Remember the story from earlier this week about the Waffle House in Kentucky that refused to serve an armed, uniformed soldier? Turns out that if a Facebook post from the owner is accurate, they were pretty well-justified in doing so.

If you missed the story, officer Billy Welch of the Army National Guard was in a Jessamine County, Kentucky Waffle House. He had sat down and ordered his food when a server informed him he’d need to please leave his holstered gun (which they apparently had not noticed prior to this) outside the restaurant premises to continue receiving service. Welch declined and left the Waffle House without interest, but a nearby patron took exception to this, posted about it on Facebook, and the whole thing went viral.

Predictably, conservatives went apeshit, talking about how Welch had been “disrespected.” One dumb motherfucker even called the employees “bigoted,” because sure, that’s totally what that word means. The restaurant’s response at the time had been to say that they had a “no firearms” policy—a policy shared by Waffle House as a company.* That’s a perfectly reasonable policy, and by itself that should’ve been a perfectly reasonable explanation. To sane human beings, anyway.

According to Eater’s Whitney Filloon, however, there’s more to it than that. In a since-removed Facebook post, the Waffle House franchise’s owner, Ray Daniels, made it clear that there were some facts the local news left out of their initial report:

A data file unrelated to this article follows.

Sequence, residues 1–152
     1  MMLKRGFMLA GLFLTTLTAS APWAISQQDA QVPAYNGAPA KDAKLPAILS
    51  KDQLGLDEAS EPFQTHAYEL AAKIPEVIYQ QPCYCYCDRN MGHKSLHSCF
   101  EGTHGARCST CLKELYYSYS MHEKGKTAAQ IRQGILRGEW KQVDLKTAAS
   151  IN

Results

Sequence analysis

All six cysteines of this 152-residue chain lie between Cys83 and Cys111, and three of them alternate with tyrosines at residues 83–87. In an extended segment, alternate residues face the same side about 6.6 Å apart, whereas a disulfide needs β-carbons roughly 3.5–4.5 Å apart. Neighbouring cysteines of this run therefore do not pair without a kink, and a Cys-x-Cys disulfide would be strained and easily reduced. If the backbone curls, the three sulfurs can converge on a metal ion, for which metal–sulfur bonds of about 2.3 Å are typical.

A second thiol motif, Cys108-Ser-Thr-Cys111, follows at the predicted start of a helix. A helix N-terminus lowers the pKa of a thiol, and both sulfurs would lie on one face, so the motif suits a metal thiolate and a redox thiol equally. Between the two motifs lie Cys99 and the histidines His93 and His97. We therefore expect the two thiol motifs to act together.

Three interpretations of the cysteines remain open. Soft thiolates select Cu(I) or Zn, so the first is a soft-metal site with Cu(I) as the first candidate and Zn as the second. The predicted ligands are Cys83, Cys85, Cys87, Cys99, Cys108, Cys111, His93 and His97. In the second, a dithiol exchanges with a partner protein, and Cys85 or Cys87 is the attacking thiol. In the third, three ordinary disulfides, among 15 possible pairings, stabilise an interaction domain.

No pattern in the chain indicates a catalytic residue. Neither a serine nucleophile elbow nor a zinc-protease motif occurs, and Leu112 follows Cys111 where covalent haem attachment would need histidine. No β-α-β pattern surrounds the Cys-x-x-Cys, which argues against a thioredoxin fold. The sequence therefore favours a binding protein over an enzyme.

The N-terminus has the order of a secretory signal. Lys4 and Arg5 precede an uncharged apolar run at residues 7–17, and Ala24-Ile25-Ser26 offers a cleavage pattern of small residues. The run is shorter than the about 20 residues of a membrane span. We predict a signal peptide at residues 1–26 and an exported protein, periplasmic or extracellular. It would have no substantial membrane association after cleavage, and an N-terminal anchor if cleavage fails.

However, on this particular incident, two facts have not been reported accurately that facilitated the situation with Mr. Welch. First, he was an active participant in a fight on the premises several weeks prior to September 27th. He was restrained and taken off the premises by off-duty police officers that were eating in the restaurant at the time. The second item not reported accurately was the time the most recent incident occurred, 2AM. We have associates who have to make snap decisions on our third shifts to provide for their own safety and the safety of our customers. Our associates decided because of Mr. Welch’s recent altercation, which they witnessed, it was in their best interest at 2 AM to ask Mr. Welch to leave his firearm in his vehicle.


Assuming this is accurate (and there’s some doubt as to that, since the post was taken down, although the reason for why is unclear), what we have here is a specific individual who has shown—on the premises of this particular Waffle House, no less—violent tendencies. The restaurant’s employees decided they didn’t feel comfortable with someone known to be violent also having a gun while inside their eatery. Only in the fever-dreams of people who begin masturbating every time Wayne LaPierre steps up to a podium could that sound unreasonable.

But, y’know. Keep on beating that drum, conservatives.

* Law-enforcement officers are typically exempted from this policy, although I struggle to understand the argument that members of the Army National Guard count as “law-enforcement officers.”


Image via Susan Montgomery/Shutterstock.

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